Driving is a rite of passage once you hit 17. However a growing number of you are opting to not drive, or to put it off. Meaning you’re missing out on a big part of growing up and the many benefits that learning to drive can bring, such as independence, better job opportunities and a sense of responsibility. But we’ve got your back, we’re going to discuss the benefits of learning to drive and cover the best time for you to learn.

In 2017 only 30% of 17-20 year olds held a driving licence and 67% of 21-29 years olds. Compared to 44% of 17-20 year olds and 74% of 21-29 year olds back in 1997. The cost of learning to drive was cited as one of the top reasons for not learning to drive. Whilst we agree that it is not a cheap skill to learn, it is an invaluable life skill which is worth the financial outlay.

Benefits of learning to drive

Let’s take a look at some of the top benefits that driving can bring into your life.

Not relying on public transport

Bus in the West Midlands

Whilst the UK’s transport network has greatly improved in the past 20 years, using public transport to get anywhere quickly can be a nightmare. Especially if you don’t live in a busy city centre like London or Birmingham. It means relying on a train or bus running smoothly to arrive somewhere on time – something we can probably all agree rarely happens. When you can drive yourself to a destination your arrival time is in your own hands. It also means you can get where you need to be much quicker, without needing to catch three different busses and a train to get there.

Gives you a sense of independence

If you’re not relying on public transport to get from A to B, you’re probably relying on parents or your mates for lifts. There are two glaring issues we can think of when it comes to getting lifts from other people. First you’re racking up a lot of lifts which will need to be returned or owing a lot of petrol money. Secondly you’re having to fit your plans around other people’s schedules. Driving your own car means you can go wherever you want whenever you want. In fact you could be the one offering other people a lift and pocketing that petrol money.

Better job opportunities

graduation hats in air

In today’s job market there are plenty of jobs out there which you won’t be eligible for because you don’t drive. Whilst there are some jobs out there where the ability to drive is a necessity, there are plenty more where driving is preferred – perhaps because they are based in a remote location. So when it comes down to you and another candidate who can drive who do you think looks more preferable? The ability to driving opens up your career path too, you could even train to become a driving instructor.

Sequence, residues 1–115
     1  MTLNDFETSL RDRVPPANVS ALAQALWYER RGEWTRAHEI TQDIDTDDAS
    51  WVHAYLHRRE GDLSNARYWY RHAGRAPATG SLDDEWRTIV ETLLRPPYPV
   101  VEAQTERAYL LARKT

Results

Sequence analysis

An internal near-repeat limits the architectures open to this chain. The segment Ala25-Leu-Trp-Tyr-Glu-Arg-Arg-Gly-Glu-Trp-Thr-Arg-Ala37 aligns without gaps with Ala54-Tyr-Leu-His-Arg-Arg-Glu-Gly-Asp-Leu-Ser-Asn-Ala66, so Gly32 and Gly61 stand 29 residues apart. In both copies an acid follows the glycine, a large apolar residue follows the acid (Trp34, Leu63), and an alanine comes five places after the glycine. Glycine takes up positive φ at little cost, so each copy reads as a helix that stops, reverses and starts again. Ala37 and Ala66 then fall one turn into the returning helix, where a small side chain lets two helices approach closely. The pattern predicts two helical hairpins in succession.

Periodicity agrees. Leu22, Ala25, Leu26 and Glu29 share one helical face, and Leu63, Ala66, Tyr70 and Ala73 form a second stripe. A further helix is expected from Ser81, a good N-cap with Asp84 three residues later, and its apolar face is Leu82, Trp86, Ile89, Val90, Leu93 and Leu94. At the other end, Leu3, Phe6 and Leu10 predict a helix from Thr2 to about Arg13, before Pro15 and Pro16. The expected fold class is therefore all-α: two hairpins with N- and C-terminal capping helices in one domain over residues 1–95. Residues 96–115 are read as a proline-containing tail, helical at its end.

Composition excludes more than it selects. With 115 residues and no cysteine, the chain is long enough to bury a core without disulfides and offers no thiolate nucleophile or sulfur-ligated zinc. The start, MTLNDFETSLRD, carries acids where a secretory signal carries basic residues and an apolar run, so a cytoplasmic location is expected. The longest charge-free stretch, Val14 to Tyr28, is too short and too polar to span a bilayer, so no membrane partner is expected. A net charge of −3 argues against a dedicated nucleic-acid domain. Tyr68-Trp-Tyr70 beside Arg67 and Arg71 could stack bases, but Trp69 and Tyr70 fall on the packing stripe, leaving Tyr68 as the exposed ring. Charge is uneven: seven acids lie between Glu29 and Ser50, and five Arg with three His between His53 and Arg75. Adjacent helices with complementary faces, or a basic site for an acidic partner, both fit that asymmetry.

Use it for ID

Pretty much every pub, bar and club will only accept a driving licence or passport as a form of identification. A bank card sized driving licence is much easier to carry around than a passport. It also won’t cost you a fortune to replace should you misplace it after a few beers or G&Ts, unlike a passport.

Careoke

Are you even driving somewhere if you’re not singing along to your favourite tunes as loud as possible?

Careoke means singing along to the music playing in your car generally like an ass

If you’re not familiar with this phenomenon, then you are seriously missing out. Ask your driving friends and they’ll agree, there’s no feeling like driving on the open road belting out your favourite song. Something which is not acceptable on the train or bus, but totally acceptable in the privacy of your own car.

Extra storage space

Ever clambered into the back of a mates car and wondered why there are three pairs of shoes, two jackets, a smelly gym bag and an umbrella sitting alongside you on the back seat? Convenience my friend.

back seat of car

When you get a car it basically becomes a mobile wardrobe and storage unit. Everything you could need for a spontaneous activity, or the unpredictable British weather, will travel around with you in your trusty steed.

When should you start learning to drive

You can start learning to drive when you are 17 in the UK, however a large number of you are opting to put that off until you are older due to the cost. We would always recommend learning to drive as early as you can. We know from experience the older you are the harder learning to drive becomes. This is because you have a lot less fear when you’re younger, which makes picking things up and learning from mistakes much easier when learning to drive.

When it comes to cost it’s best to get that cost out of the way early. If it’s your excuse now it’ll still be your excuse in a few years time. Learning to drive will be the last thing on your mind when you’re fresh out of university, desperately seeking a graduate job and stressing about student debt. If you’re living at home now, then get a part time job and put that money towards lessons – your older self will thank you for it.

Did you learn to drive young? What did it do for your life? Or have you decided to put it off for a few years? What are your reasons for this? Let us know in the comments box below!